Don’t be a slave to chasing numbers on a scale. It ends in tears. Just listen to Allie Kieffer who came 5th in the 2017 NYC Marathon when she stopped trying to lose weight.
It can be tempting to do another race, add in an extra training session… and forget all about recovery. Over-training is a great way to get injured. Not giving your body time to recover from the latest hard session is the best way to miss targets in your next race.
Train hard but not so hard your body doesn’t have a chance to recover before the next session.
Make sure your rest days are proper rest days. Nurture your body – don’t keep pushing and pushing until something gives.
Watch out for niggles and get advice before they turn into something more serious. Getting injured will always derail your training plans. Taking an extra rest day might keep your training on track.
And don’t forget to prioritize your sleep. You need those Zzzs!
Stay Motivated To Run Faster
When you first start running don’t worry too much about time. Instead, follow these tips to find the right pace. The aim is just to get moving. As your body adapts to running, your running times will consistently improve.
For the long term, you need two things – consistency and motivation.
Showing up for training sessions month after month, year after year is hard. Even when you love running!
Having a tough time at work? Starting a family? Distracted by friends? It’s all too easy to let things slip. That’s okay. You just need to decide what you want from running.
Maybe you’re happy being a social runner, enjoying the release running provides from the stresses of everyday life. Or maybe you want to run one good marathon and giving it your best shot over 20 weeks will get you there.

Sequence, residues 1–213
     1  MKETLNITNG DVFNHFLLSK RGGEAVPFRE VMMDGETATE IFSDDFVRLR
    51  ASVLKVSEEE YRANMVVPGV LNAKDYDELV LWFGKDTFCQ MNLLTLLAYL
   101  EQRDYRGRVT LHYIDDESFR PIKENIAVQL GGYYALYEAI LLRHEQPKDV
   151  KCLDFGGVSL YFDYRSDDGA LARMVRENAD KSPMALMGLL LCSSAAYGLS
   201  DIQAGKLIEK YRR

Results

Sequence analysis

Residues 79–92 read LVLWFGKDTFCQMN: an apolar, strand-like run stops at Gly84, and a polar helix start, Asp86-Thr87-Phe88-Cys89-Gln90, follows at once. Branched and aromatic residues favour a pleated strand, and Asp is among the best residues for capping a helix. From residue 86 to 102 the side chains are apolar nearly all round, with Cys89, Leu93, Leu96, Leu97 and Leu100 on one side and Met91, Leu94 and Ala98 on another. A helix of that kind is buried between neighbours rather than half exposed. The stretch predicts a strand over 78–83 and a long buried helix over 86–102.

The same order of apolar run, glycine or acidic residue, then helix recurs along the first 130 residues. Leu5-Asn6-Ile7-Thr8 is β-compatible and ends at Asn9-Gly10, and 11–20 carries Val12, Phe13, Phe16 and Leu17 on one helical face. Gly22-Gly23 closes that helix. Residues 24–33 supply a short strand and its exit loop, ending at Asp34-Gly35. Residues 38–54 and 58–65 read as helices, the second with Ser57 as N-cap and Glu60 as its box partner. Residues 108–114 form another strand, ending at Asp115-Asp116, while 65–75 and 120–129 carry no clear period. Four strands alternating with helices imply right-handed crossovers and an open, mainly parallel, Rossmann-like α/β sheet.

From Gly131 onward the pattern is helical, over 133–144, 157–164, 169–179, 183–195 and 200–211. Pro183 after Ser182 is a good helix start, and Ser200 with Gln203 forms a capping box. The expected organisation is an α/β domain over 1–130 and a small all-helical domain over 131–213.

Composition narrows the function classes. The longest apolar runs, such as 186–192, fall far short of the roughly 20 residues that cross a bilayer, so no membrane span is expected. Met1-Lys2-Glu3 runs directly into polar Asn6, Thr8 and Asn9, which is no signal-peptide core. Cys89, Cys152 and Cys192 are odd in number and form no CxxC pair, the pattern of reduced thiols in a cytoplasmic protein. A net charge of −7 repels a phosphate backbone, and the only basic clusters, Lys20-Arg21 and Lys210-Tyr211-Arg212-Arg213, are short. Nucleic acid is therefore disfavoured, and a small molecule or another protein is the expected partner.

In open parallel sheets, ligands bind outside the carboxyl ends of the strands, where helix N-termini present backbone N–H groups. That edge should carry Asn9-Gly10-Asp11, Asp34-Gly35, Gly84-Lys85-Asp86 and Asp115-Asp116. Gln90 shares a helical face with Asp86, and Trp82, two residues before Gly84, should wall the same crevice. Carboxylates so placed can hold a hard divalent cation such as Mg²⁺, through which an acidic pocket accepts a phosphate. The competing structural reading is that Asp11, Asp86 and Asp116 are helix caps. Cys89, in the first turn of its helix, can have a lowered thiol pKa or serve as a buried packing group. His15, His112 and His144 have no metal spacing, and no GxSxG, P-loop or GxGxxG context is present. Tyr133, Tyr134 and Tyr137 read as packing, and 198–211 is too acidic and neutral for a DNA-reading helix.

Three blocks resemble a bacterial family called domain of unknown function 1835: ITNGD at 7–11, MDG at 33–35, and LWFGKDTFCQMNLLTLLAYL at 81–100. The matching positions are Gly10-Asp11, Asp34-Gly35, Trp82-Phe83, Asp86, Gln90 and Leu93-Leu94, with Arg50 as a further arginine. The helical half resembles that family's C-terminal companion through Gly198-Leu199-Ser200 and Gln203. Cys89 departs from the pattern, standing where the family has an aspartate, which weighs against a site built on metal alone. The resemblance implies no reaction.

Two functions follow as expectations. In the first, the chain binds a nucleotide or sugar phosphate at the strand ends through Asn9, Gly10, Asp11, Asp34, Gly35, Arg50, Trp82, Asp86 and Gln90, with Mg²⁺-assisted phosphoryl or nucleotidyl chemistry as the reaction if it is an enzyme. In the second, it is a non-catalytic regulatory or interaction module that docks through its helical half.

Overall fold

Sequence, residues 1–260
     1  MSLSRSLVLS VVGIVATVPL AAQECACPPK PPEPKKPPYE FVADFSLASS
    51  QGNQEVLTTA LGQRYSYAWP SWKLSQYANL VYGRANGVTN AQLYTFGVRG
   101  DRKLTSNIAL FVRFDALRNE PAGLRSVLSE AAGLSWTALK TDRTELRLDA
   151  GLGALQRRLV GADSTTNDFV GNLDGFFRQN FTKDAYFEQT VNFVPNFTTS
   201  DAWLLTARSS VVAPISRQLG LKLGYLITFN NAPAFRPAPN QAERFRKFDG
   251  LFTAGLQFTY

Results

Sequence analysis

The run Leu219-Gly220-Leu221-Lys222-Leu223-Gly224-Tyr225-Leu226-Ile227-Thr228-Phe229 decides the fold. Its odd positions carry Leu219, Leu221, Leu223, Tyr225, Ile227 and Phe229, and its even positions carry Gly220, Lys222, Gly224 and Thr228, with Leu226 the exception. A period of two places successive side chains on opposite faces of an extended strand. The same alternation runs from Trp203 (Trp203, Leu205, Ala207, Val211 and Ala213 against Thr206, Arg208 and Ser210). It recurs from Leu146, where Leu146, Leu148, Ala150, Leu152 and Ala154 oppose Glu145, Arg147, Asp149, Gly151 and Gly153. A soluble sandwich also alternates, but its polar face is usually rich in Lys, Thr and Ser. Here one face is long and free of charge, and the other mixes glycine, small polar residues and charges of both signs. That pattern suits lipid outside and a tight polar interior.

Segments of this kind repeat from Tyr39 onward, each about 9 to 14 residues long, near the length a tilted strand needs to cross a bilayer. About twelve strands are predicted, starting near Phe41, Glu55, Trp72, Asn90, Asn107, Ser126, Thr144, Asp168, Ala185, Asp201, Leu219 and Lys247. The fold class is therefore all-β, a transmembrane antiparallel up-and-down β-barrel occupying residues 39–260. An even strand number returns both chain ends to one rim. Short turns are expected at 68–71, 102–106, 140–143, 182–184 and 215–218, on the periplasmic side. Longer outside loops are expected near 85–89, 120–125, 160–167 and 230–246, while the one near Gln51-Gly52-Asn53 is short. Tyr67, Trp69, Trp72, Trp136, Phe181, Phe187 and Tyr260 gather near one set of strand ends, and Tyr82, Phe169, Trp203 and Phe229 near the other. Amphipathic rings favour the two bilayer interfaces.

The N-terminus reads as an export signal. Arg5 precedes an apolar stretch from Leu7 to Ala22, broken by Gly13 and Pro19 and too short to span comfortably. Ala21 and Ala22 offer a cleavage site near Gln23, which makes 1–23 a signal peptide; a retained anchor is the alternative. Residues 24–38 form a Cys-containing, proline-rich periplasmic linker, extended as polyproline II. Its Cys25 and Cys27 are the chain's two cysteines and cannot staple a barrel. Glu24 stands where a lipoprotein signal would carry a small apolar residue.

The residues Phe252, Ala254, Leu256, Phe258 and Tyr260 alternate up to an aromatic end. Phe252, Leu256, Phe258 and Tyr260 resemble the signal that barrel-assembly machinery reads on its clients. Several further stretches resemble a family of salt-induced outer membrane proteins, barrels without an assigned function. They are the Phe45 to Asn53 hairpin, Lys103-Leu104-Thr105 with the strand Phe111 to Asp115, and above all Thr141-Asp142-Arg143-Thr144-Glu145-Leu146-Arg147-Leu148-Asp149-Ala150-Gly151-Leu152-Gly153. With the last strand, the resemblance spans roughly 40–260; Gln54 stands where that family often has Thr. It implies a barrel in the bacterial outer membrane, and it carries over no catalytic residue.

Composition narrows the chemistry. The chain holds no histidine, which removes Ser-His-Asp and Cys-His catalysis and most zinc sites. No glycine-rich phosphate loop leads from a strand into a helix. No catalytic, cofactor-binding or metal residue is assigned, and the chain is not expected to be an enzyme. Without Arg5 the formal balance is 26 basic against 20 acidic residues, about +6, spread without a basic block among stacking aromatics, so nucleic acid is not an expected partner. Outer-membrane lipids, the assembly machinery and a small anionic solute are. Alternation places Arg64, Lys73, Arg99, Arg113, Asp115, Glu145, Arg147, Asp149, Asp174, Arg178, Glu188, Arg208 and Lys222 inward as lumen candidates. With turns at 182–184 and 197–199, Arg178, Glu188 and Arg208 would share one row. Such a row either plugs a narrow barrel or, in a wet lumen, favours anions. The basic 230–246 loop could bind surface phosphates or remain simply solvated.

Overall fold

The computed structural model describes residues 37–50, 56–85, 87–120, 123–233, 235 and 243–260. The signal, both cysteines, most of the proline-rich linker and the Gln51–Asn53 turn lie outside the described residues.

But if you want to see major improvements to your running, you need to find your long-term motivation. Be able to prioritize your running through the distractions. Consistently pushing for those marginal increases in speed.
And one day you’ll be a faster runner.
If you’ve found this post helpful, you may enjoy my other running-related articles:
- 5K To 10K Training Plan: Beginner Running Schedule
- How Far Is 10K In Miles? 10K Training Plan And Average Times
- 20 Tips For Running Your First 10K
- How To Start Running At 50: Tips From An Older Runner
- Running 5 Miles A Day. Is It A Good Idea?
- How To Carry Your Phone While Running? (Can’t Run Without It!)
- Is Running Good For You? (12 Science-Backed Health Benefits)
- How Running Changes Your Body (Most Of It’s Good)
A plan for running faster depends on your starting point. If you’re a new runner work on gradually increasing the length of your long run. Aim to run 6 to 7 miles without stopping. Once you achieve this and you’ve been running for at least 6 months add a speed session to your weekly training. This can be tempo runs, fartlek, intervals, or hill sessions. Add running-specific strength training to help avoid injury, ensure you have good mobility, and fuel your body correctly. Excess weight will slow you down but if you’re underweight, you’ll lack the strength to run fast – so make sure you’re eating enough nutritious food and carbohydrates to fuel your runs. Lastly, don’t neglect your recovery.